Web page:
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How to create a business culture that lends itself to examination

The concept of social responsibility has been a part of corporate operations for some time now. But while social responsibility was once perceived to be green or a gift to charitable organizations, it now takes on a broader meaning.

Perhaps because of the constant sharing on social media, consumers – especially millennials and young people – expect transparency from the companies they do business with. has dubbed the Glass Box Brands trend. Now, the expectation of transparency extends to the company culture. In other words, your clients pay as much attention to the way you treat your employees as to the way you treat the planet.

Here's what you need to know to survive and thrive under the microscope.

Yes, you have a corporate culture

Do you think your business is too small to have a business culture? Think again. Every business, no matter how tiny, has a business culture. It could be friendly and informal (as in many small businesses) or bureaucratic (found in some small businesses). Do you and your employees discuss your weekends, socialize outside the office or have lunch together? Does your staff wear jeans and hoodies, Dockers and polos, or business suits? It's part of your business culture.

In a small business, the business culture usually develops organically depending on the personality and approach of the founder. If you are A-type, for example, your business culture is probably more procedural and rules-based than if you're a casual surfer.

Your business culture can work for your business. But can he resist an outside examination? Dozens of well-known companies discovering endemic stalking internally show that what appears to be a friendly and laid-back culture may actually be toxic to some team members.

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If you discover weaknesses in your business culture, do not try to hide them. Instead, look at it as an opportunity to make positive changes. Then promote what you do to the world.

How to Create a Small Business Culture

Offering good benefits, wages and benefits is the most obvious sign of a good business culture. Here are other features of a positive business culture – one that will attract customers to your business and keep them.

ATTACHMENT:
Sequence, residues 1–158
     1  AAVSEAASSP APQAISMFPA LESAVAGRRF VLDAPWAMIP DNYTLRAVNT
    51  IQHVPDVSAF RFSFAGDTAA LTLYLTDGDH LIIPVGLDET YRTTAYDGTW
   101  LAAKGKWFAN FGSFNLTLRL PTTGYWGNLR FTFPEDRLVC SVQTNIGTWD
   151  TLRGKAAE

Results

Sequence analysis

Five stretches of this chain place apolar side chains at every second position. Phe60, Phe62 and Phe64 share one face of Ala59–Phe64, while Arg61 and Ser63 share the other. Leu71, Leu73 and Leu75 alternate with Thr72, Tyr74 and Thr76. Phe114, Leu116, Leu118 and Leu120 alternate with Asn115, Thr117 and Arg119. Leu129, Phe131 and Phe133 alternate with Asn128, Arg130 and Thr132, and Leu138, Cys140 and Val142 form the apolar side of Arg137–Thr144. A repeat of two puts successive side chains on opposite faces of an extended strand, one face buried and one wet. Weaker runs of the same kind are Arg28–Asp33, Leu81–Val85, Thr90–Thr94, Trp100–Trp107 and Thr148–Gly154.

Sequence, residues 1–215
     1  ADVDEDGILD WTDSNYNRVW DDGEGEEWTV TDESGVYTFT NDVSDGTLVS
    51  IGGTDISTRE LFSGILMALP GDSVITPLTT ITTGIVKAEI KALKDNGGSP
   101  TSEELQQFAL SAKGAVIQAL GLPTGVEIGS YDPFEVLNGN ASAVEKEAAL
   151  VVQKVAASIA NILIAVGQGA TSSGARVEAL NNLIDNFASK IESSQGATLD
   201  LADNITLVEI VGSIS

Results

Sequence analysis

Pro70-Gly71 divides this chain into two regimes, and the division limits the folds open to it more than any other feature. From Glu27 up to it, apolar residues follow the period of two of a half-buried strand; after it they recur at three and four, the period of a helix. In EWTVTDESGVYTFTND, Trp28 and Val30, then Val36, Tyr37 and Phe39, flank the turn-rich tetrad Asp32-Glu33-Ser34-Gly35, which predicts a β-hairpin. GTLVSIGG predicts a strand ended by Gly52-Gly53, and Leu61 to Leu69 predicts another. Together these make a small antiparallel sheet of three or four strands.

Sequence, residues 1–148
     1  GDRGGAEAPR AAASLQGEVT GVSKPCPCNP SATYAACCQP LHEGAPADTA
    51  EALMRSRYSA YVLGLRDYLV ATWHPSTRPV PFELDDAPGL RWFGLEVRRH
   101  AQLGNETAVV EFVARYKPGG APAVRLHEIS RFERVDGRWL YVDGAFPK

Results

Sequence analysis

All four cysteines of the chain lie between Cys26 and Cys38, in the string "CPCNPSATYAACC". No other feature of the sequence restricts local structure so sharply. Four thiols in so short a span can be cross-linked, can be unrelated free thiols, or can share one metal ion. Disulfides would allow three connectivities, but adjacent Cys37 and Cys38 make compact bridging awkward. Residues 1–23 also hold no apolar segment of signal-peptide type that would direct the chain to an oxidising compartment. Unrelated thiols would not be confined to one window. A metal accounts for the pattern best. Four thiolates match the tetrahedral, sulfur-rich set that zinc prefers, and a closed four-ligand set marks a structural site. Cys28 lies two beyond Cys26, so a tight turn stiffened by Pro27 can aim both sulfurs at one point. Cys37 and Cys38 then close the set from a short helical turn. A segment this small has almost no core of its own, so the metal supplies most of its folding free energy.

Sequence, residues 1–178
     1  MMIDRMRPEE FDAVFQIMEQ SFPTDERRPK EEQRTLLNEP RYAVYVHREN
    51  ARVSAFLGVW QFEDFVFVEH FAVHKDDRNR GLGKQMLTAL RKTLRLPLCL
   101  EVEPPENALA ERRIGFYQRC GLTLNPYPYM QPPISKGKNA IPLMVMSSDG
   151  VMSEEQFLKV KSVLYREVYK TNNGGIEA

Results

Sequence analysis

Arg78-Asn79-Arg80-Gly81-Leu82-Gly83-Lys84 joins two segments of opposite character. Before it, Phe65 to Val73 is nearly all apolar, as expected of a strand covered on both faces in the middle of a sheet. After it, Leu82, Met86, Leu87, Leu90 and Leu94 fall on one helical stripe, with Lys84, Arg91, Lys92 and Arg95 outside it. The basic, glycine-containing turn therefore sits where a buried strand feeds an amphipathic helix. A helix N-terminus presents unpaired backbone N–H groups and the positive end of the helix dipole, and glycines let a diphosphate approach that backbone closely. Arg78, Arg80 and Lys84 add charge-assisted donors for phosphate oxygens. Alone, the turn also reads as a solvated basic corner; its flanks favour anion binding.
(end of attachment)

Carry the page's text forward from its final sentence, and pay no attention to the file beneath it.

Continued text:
• Respect for employees. This means asking employees at all levels to share their comments, listen to their ideas and take complaints or concerns seriously.
  • Ethical operations. Do not just present an ethical face to the world – also live your values ​​in the business. If you cut the corners to make a deadline, how would you feel if the whole world discovered it?
  • Sustainable Human Resources. For transparent companies, not only natural resources but also human resources must be managed sustainably. Do you work in the field and burn them, or do you encourage a balanced approach to keeping employees in the long run?
  • Honest communication. Do you explain the reasoning behind your decisions to your team, or just issue an edict? If the company is having a bad quarter, do you share it with your employees – or should they guess based on your bad mood and rumor? Honesty and openness create a positive work environment.
  • A strong team. Does everyone know what other employees' jobs are, what do they do all day and how does that contribute to the overall? When employees understand where everyone fits into the big picture, they will be a stronger team.
  • A diversified workforce. Strive to diversify your team by hiring employees with disabilities, women, people of color and LGBTQ employees. Your business will benefit from new perspectives.
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By taking an honest look at your business culture and then taking action to remedy any problem, you are building a long-term business that has nothing to hide.

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